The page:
Each year in the United States, there are 750,000 strokes, according to Robert H. Rosenwasser, MD, professor and chair of the Department of Neurological Surgery at Thomas Jefferson University. While stroke used to be the third-leading cause of death, it’s now the fifth. However, it is the leading cause of disability by a factor of five.
“It really dwarfs many other diseases that sometimes are a little bit more high-profile. For example, Parkinson’s disease,” Rosenwasser said. “It’s an important disease, but 20,000 a year in the U.S. compared to almost a million stroke patients.”
Still, 80 percent of strokes are preventable. It’s all about treating patients as quickly as possible because when it comes to a stroke, every minute counts.
To more efficiently serve individuals experiencing stroke in Lower Bucks County, Bensalem Rescue Squad and the Vickie and Jack Farber Institute for Neuroscience at Jefferson University Hospital have partnered to create the area’s first Mobile Stroke Unit.
Branded as a “lifesaver on wheels,” the ambulance is equipped with telemedicine capabilities, a CT scanner and certified members of a “Brain Rescue Team” who are trained to assess, test and treat patients in the field (including their own driveway) before they are transported to the emergency department.
In the Mobile Stroke Unit, brain images are transmitted through the CT scanner to the neurology team at Jefferson. If a stroke is found, the “Brain Rescue Team” administers clot-busting medication immediately, when it’s most effective. This process shaves precious minutes off treatment time, ultimately reducing the risk of disability and improving patient outcomes.
The Mobile Stroke Unit was officially unveiled to the public on Thursday, May 16, during a ceremonial ribbon cutting, which took place at the headquarters of the Bensalem Rescue Squad, 3830 Hulmeville Road, Bensalem. With May being Stroke Awareness Month and EMS Week right around the corner, the timing couldn’t have been better.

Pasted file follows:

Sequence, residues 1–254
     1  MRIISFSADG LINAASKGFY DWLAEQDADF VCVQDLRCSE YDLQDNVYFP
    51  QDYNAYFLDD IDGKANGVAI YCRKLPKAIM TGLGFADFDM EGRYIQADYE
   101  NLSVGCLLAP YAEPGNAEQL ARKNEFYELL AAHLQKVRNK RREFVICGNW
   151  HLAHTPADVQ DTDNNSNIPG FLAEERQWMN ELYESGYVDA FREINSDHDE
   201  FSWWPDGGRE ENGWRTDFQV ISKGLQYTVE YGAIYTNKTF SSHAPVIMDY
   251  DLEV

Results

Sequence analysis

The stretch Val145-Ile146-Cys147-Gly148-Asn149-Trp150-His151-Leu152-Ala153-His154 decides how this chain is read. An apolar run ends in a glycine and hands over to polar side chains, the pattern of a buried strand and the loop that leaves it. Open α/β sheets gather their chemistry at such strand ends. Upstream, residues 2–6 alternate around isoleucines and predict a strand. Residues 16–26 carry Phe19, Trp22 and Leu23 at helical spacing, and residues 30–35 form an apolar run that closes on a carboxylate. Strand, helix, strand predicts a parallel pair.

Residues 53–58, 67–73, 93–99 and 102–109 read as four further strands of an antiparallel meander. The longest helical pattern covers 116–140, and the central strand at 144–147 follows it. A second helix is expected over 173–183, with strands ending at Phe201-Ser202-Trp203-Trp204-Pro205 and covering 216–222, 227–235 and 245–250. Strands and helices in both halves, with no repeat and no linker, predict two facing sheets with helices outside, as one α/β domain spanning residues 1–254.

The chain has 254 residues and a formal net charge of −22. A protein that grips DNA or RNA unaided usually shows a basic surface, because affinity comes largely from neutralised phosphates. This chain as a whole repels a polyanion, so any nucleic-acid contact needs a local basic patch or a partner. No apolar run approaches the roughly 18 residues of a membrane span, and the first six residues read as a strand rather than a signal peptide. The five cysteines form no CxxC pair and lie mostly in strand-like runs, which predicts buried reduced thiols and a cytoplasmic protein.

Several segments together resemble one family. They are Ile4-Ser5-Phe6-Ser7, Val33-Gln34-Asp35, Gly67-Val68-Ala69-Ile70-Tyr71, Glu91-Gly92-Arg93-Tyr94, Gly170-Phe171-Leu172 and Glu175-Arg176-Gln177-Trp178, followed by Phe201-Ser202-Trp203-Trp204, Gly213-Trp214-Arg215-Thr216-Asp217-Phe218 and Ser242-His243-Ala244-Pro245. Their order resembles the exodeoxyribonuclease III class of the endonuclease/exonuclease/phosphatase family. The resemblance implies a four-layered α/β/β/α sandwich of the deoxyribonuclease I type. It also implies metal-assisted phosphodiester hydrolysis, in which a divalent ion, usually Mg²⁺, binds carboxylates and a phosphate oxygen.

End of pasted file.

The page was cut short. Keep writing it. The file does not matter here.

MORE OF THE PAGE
Present at the event was Rosenwasser, who first encountered the Mobile Stroke Unit concept 15 years ago, when he was training residents in Germany.
“That’s really where the lightbulb went off,” he said.
Ever since, the implementation of a local version has been in the works. So why was Bensalem chosen as Jefferson’s partner? Rosenwasser explained how, over the years, a number of patients have been delivered to him by the Bensalem Rescue Squad, and he was able to get a sense of its work.
“It’s really a world-class unit,” he said. “It’s kind of like picking the team in baseball season. You gotta have all people that hit .300, and Bensalem hits .300.”
The rescue squad is headed by executive director Thomas Topley, who has been involved with the team for 34 years. Topley said he’s thrilled to be collaborating with Jefferson, and expects to reach at least 500 people annually through the Mobile Stroke Unit.
“The stroke program is really important to us because we’re able to get a job done that we were unable to do before. We’re actually going to bring world-class neuroscience to your driveway, and that’s not done anywhere in the region,” Topley said. “And the fact that we are working with a university health system is going to put this truck right above anyone around us in terms of care and being able to provide new and innovative treatments for our neighbors, not only in Bensalem but in Lower Bucks County.”
Attendees heard from Gerald Wydro, chair of Emergency Medicine at Jefferson Health – Northeast, who detailed how the Mobile Stroke Unit is bringing healthcare beyond the walls of a traditional “brick and mortar” hospital.
Previously, treatment was measured by “door-to-needle” time – the minutes it took for the patient to be given clot-busting medicine after coming through the emergency room door. Now, Jefferson is measuring “curbside-to-needle” time, since the drug can be injected by the “Brain Rescue Team” within minutes of arriving at the patient’s location.
“All of that is going to happen in a very rapid fashion, and we cannot understate the importance of that,” Wydro said. “A stroke happens every 40 seconds. This is real. The potential for death or severe disability is real.”
After remarks from local officials, including Mayor Joseph DiGirolamo and Rep. Gene DiGirolamo, both of whom shared heartfelt stories of loved ones suffering from and surviving strokes, the red ribbon was cut and guests were invited to tour the state-of-the-art Mobile Stroke Unit. ••
Samantha Bambino can be reached at email@example.com